Training and eating, over a long period of time has to have a "completeness" to it.
If you get trapped into a particular mindset, or dogma, then you're going to eventually sell yourself short somehow.
For powerlifters, they often shun "bodybuilding" because it's "stupid" and "no one cares how big my biceps are when I lift X amount".
Bodybuilders will often say shit like "no one cares how much I lift when I'm on stage."
Technically, that's true. However understanding how all training methodologies can help you is a trait we should all learn how to develop.
I spent the first decade of my training mainly doing bodybuilding style work. And while my absolute level of strength was never developed, one of the reasons I feel like I am just hitting my peak in terms of strength is because of all the years I put in to build muscle mass. So the last 8+ years have really been spent training more for absolute strength, and developing my technique.
As a result of that, when I go back to doing big compound movements for reps, I move more weight for more reps. I also train "bodyparts".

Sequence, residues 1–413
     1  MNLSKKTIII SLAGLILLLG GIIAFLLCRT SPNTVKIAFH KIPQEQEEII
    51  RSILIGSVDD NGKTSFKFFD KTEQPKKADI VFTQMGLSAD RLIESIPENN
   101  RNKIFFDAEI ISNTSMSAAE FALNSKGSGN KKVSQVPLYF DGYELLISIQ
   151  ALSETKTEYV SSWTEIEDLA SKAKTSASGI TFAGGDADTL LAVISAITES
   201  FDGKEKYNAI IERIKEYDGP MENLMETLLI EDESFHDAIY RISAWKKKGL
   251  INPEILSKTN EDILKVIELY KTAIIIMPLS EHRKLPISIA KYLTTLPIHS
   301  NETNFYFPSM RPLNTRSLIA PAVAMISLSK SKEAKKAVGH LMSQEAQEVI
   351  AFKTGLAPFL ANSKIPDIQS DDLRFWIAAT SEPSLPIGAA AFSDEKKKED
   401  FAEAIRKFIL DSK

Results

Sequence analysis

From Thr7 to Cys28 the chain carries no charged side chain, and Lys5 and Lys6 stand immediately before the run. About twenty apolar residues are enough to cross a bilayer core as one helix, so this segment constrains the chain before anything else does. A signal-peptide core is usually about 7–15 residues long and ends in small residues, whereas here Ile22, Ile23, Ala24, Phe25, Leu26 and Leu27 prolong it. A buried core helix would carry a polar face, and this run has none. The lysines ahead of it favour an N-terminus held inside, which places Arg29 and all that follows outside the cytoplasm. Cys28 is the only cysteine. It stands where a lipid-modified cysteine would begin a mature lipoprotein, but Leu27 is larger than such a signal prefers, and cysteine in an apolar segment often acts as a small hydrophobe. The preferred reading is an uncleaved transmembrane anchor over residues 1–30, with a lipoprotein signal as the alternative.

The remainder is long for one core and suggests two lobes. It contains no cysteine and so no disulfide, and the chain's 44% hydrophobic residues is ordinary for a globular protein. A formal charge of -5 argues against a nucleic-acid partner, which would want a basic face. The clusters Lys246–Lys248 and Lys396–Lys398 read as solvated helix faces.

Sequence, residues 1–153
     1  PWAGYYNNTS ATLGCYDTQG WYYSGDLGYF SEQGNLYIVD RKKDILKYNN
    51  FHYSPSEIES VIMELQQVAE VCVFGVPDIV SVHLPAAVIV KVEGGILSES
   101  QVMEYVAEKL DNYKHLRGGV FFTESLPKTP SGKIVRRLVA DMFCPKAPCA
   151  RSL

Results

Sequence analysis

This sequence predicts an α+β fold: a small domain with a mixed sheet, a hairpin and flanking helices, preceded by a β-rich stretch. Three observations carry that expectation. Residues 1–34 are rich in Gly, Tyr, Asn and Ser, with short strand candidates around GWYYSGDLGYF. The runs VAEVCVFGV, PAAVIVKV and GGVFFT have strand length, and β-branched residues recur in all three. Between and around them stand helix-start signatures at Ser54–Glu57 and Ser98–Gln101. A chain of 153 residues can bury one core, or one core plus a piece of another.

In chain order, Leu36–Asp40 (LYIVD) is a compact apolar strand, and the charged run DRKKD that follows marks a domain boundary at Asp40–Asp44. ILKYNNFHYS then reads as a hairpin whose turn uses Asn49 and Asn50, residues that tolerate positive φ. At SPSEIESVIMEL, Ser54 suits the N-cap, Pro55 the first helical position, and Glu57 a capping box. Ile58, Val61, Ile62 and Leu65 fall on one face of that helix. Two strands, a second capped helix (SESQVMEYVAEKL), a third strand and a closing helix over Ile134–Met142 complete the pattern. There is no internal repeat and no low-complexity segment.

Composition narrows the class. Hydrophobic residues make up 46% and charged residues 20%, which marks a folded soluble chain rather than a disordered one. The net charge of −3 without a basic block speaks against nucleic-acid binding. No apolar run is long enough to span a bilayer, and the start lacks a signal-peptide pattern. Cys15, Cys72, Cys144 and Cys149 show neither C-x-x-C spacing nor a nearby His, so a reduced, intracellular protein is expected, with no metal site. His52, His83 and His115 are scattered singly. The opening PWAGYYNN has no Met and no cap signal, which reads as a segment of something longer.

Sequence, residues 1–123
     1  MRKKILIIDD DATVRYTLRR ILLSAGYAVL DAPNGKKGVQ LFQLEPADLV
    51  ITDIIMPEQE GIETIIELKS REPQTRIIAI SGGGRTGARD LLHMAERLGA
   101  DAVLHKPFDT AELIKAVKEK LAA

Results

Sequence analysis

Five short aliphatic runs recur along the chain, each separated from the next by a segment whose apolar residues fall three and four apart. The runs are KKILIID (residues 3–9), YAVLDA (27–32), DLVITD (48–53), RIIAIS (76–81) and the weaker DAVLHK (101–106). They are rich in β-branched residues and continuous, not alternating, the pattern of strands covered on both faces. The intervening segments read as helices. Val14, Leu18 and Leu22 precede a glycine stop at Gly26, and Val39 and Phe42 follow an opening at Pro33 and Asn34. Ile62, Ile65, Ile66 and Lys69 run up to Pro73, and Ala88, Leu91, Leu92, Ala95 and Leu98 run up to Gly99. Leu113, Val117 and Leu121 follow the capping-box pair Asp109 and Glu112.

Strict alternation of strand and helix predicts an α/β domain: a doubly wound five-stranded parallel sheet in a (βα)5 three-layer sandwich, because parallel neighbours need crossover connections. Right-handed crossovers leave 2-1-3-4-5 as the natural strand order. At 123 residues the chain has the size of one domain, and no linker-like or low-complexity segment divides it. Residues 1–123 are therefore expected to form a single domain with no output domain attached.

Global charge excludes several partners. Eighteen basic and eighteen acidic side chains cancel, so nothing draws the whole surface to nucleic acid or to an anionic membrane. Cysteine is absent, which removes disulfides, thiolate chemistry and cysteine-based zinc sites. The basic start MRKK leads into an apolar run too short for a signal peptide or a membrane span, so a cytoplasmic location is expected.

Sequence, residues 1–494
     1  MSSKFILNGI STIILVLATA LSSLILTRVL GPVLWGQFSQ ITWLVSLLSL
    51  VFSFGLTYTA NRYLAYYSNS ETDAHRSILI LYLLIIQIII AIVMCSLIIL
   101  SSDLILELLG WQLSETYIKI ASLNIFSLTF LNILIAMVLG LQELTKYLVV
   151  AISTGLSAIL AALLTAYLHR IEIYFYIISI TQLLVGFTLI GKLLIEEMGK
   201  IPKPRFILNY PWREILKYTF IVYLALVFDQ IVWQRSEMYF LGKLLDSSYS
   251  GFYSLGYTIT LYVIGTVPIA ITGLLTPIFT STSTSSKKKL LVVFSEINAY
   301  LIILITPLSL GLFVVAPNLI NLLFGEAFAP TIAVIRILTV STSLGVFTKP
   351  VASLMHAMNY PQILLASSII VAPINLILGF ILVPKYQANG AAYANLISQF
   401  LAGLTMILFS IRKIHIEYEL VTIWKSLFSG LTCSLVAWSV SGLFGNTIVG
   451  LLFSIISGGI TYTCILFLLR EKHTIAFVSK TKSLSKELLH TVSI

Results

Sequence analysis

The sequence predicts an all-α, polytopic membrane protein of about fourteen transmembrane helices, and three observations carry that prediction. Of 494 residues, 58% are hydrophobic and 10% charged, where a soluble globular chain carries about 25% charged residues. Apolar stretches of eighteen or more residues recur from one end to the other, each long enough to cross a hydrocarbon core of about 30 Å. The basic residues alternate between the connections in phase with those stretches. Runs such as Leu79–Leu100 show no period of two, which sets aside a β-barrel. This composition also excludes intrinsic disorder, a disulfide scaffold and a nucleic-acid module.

This is not an ugly word.
People need to get out of this mindset that bodypart training is a bad thing. When Dan Green decided his squat sucked, he realized it sucked because his quads weren't big enough. So he grew his quads using hacks and front squats, and guess what? His squat grew with them.
A smart lifter knows that powerlifting and bodybuilding can indeed compliment each other.
Train for strength AND muscular development. This means not persecuting a training style or method. Bodybuilders have this whole "mass" thing figured out. Powerfliters and strongmen have this whole "strength" thing figured out. Instead of being close minded or dogmatic about one because you think it's "silly", take what is useful from it to get better.
Just because you decide to do some bodybuilding doesn't mean you have to slather salad dressing all over yourself and pose in a banana hammock. Just because you decide to do some powerlifting doesn't mean you have to wear a beanie and get fat.
Focus on the paradigm that makes up those training methods and how they would benefit you in the long run. Then if you decide to slather on the Italian dressing or sport the beanie, you'll be ready.